When My Brother Was An Aztec

When My Brother Was An Aztec

Book - 2012
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"I write hungry sentences," Natalie Diaz once explained in an interview, "because they want more and more lyricism and imagery to satisfy them." This debut collection is a fast-paced tour of Mojave life and family narrative: A sister fights for or against a brother on meth, and everyone from Antigone, Houdini, Huitzilopochtli, and Jesus is invoked and invited to hash it out. These darkly humorous poems illuminate far corners of the heart, revealing teeth, tails, and more than a few dreams.

I watched a lion eat a man like a piece of fruit, peel tendons from fascia
like pith from rind, then lick the sweet meat from its hard core of bones.
The man had earned this feast and his own deliciousness by ringing a stick
against the lion's cage, calling out Here, Kitty Kitty, Meow!

W ith one swipe of a paw much like a catcher's mitt with fangs, the lion
pulled the man into the cage, rattling his skeleton against the metal bars.

The lion didn't want to do it--
He didn't want to eat the man like a piece of fruit and he told the crowd
this: I only wanted some goddamn sleep . . .

Natalie Diaz was born and raised on the Fort Mojave Indian Reservation in Needles, California. After playing professional basketball for four years in Europe and Asia, Diaz returned to the states to complete her MFA at Old Dominion University. She lives in Surprise, Arizona, and is working to preserve the Mojave language.


Publisher: Port Townsend, Wash. : Copper Canyon Press, c2012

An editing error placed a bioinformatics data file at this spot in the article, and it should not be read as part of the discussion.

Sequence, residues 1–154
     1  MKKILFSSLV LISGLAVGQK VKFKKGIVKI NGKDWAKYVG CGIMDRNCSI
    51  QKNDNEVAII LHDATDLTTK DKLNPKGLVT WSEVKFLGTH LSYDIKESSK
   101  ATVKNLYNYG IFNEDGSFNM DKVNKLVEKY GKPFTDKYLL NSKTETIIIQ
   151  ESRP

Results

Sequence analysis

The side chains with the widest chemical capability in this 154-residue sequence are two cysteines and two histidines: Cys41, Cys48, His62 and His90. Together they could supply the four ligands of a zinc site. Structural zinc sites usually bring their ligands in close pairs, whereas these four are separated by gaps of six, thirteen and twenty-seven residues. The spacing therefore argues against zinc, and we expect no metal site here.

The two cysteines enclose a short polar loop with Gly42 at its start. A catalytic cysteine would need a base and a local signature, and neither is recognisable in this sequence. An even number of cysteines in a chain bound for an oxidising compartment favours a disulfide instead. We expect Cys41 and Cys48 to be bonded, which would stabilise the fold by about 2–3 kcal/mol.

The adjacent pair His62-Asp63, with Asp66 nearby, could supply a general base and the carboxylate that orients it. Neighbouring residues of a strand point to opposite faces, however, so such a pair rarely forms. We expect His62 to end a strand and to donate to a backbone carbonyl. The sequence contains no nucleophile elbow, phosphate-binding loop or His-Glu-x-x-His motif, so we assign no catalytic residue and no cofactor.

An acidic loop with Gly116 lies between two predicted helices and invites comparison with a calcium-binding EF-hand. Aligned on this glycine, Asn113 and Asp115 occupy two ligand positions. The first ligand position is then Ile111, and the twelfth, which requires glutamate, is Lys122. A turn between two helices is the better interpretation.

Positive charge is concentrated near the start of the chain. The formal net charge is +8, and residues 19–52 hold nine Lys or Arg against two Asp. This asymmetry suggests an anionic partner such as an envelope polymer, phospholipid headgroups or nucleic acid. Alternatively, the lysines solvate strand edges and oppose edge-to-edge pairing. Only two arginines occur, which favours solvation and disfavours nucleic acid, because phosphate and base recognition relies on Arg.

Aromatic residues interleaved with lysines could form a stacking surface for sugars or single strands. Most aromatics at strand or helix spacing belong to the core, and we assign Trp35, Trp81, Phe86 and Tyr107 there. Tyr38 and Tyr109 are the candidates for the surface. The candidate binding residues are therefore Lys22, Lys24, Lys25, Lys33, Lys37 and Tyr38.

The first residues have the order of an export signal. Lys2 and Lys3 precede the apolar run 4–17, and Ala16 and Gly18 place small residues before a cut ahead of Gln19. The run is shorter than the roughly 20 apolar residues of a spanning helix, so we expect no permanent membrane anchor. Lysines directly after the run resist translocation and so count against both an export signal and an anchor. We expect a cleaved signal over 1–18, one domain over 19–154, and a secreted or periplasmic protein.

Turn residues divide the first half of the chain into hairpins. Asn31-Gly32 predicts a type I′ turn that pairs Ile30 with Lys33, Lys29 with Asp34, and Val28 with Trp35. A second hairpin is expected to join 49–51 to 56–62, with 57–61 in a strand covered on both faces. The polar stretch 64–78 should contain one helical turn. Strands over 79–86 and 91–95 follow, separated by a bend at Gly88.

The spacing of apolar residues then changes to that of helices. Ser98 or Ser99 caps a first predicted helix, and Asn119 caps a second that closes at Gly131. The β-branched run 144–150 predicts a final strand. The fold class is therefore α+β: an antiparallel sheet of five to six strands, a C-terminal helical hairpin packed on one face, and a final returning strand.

ISBN: 9781556593833
155659383X
Branch Call Number: 811.6 D543w 2012
Characteristics: xiii, 103 p. ; 23 cm

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leahasewell
Nov 02, 2016

Natalie Diaz’s book of poems, When My Brother Was an Aztec, is heavy with figurative devices that lend to a magical and sensual reading experience. Diaz’s collection bravely and mercilessly explores the trials of dealing with a brother dragged into dark depths by a crystal meth addiction. The text is additionally shot through with social and cultural meaning via the recurring motifs of poverty, reservation life, and Mojave identity and history. In its love poems, the book rises to brighter waters; yet the love poems maintain Diaz’s fearless and biting imagery found throughout. Diaz accomplishes vivid storytelling that isn’t merely intellectual entertainment. It is a visceral experience felt in the skin and a reminder of the power of words, when those words are chosen with precision, and the stories conveyed with imagination.

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